Relief for Tanzania's artisanal miners as govt comes down hard on the big boy

Monday February 25 2019

Tanzanite miner at the Mererani mine in northern Tanzania. FILE PHOTO | NMG


The reforms in Tanzania’s mining sector have come as a boon for the small-scale miners, as the government has set its sights on multinational firms, on whom it has placed a heavier tax burden.

The changes seem to have spared artisanal miners as the government seeks more revenue from the big players to raise the sector’s contribution to GDP from 4.8 per cent to 10 per cent by 2025.

Early this month, parliament approved a Bill designed to relieve small-scale miners of the burden of paying withholding tax of 5 per cent and 18 per cent value added tax.

This leaves the holders of a primary licence with a 7 per cent tax obligation only.

Section 55b (i) of the Mining Act states, “Supply of precious metals, gemstones and other precious stones by a small-scale miner at the buying station designated by the Mining Commission under the Mining Act or at the Mineral and Gem House shall be zero-rated.”

While the big investors continue to express their displeasure at the changes, more than 6 million holders of primary mining licences are a happier lot.


John Bina, president of the Federation of Miners Association of Tanzania said that the zero-rating on their supplies “will ease a heavy burden of taxes that miners were forced to shoulder.”

The association members met with President John Magufuli and appealed for the removal of the VAT imposed on minerals.

They also called for a reduction of tariffs and other charges, saying it would not only promote small-scale miners but also minimise instances of tax evasion and smuggling, which have become rampant.

The government said that amendments are expected to put in place mechanisms to enable small-scale miners to operate smoothly.

Since taking the office in late 2015, President Magufuli has focused on foreign investors in a drive to increase the country’s revenues, fight corruption, tax evasion and dubious contracts, and reduce inefficiency in public service delivery.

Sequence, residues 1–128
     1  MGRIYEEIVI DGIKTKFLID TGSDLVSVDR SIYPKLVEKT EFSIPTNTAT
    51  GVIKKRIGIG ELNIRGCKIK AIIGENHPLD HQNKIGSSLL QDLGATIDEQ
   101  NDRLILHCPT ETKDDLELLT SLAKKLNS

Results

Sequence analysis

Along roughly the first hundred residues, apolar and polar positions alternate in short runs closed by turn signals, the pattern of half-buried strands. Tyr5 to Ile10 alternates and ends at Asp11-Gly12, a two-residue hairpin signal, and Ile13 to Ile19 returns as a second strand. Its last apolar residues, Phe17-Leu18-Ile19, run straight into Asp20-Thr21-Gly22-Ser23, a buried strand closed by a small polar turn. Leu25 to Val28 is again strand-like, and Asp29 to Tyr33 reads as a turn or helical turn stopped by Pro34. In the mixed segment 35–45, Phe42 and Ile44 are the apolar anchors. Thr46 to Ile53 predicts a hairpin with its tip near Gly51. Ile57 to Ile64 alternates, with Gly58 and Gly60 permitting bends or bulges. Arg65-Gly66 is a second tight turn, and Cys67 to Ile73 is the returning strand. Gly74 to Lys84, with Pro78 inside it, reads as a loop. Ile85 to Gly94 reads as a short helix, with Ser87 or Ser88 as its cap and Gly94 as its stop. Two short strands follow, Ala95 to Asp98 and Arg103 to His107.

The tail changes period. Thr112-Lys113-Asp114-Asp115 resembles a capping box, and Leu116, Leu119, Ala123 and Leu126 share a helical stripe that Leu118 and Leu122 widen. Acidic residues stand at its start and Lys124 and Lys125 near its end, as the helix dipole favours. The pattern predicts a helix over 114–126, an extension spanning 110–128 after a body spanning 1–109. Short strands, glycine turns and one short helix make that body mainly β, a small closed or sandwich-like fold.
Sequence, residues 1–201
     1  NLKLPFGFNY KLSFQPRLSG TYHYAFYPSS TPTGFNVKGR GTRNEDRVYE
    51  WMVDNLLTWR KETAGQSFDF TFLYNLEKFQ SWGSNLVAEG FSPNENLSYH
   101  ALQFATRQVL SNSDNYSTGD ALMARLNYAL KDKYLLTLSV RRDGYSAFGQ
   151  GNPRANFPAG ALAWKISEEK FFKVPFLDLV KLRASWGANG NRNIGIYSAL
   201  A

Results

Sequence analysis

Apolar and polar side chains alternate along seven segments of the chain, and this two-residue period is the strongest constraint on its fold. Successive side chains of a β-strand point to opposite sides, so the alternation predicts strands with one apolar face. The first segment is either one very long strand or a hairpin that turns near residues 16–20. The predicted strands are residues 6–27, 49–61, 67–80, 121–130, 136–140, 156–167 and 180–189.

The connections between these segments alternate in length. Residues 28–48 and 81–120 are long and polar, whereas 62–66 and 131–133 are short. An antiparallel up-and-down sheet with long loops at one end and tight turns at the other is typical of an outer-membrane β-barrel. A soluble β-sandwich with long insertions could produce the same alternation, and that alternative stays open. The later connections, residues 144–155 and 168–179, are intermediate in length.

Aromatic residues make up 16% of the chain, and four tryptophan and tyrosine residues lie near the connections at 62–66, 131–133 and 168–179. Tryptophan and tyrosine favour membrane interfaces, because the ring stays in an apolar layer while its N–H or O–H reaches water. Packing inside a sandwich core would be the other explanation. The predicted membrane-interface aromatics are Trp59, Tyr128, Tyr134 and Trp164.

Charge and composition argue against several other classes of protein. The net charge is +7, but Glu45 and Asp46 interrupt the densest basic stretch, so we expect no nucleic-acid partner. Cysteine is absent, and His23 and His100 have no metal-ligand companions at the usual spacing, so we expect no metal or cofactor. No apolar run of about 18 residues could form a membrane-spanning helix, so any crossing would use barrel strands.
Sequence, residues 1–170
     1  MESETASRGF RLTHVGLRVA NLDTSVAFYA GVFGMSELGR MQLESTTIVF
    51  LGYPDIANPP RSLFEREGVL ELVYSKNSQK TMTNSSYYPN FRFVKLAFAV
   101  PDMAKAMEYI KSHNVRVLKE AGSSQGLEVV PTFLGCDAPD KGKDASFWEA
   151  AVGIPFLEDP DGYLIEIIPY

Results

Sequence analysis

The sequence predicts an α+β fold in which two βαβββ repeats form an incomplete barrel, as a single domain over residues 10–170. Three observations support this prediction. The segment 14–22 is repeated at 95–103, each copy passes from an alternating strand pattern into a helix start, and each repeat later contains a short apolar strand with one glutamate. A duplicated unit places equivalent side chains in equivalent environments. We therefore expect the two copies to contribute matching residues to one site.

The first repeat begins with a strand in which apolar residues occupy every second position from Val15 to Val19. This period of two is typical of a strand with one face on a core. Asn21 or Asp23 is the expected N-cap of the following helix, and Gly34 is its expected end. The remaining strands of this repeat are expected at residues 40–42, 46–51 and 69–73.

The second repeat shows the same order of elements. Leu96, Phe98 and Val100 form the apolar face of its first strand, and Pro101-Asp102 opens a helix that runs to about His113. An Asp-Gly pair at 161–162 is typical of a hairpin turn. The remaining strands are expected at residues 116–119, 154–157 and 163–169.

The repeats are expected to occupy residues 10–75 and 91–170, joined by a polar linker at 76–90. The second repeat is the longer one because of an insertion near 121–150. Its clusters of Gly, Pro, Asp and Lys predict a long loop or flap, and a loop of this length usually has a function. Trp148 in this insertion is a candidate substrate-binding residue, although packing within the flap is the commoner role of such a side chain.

Revocation threat

In 2016, the president ordered withdrawal of licences for the country’s two biggest mining companies, Barrick Gold Corp and London-listed Glencore Plc, from the gold-rich areas in northwestern Tanzania to allow more that 5,000 small-scale miners to gain access to the fields.

Dr Magufuli moved farther to Mwakitoria in Mwanza region, where he ordered revocation of big investors’ licences to make way for small miners.

The president has maintained that for years, Tanzanians have not been benefiting from the country’s natural resources, especially minerals, because of dubious investors supported by corrupt officials.

Tanzania has gold, tin, nickel, iron, copper, zinc, lead, diamonds, uranium and a wide variety of gemstones, including tanzanite, coal and industrial minerals such as soda, kaolin, gypsum, phosphate and dimension stones.

The government has announced that it will set up mineral buying stations by April, to make it easy to control the trade in minerals and ensure that dealers pay the stipulated taxes due to the government.

The classification of large, medium and small-scale mining in Tanzania is typically based on the amount invested, according to the Mining Act, 2010.

If the investment is less than $100,000 or its equivalent in Tanzanian shillings, it is referred to as a small-scale mine and needs a primary mining licence from the Zonal Mines Officer.

The country has more 6 million artisanal and small-scale miners and more than 50,000 brokers.

In the effort to clean up the sector, Minister for Minerals Dotto Biteko has instructed 18,341 mining licence holders to pay up or risk losing their licences.
Mining firms and individuals owe the government close to $50 million, including $26 million for prospecting, $12 million for mining, and $8 million for the primary mining licences.

Mr Biteko has asked the Mining Commission to revoke at least 110 prospecting licences and 52 mining licences that have already been issued.

“We pledged to empower small-scale miners, revoked licences for firms and individuals who breached the law and identified more special areas for small-scale miners. However, we found big foreign companies have also been issued licences to special areas allocated to Tanzanians,” Mr Biteko added.

Rwanda, too, has instituted reforms in its mining sector although theirs appear to empower the big players and push out artisanal miners.

Late last year, Kigali licensed mining companies in an exercise that was meant to spur growth in the sector, making it the country’s predominant foreign exchange earner.

In Kenya, miners called for a review of the Mining Act, 2016, saying that the law was unfavourable to investment.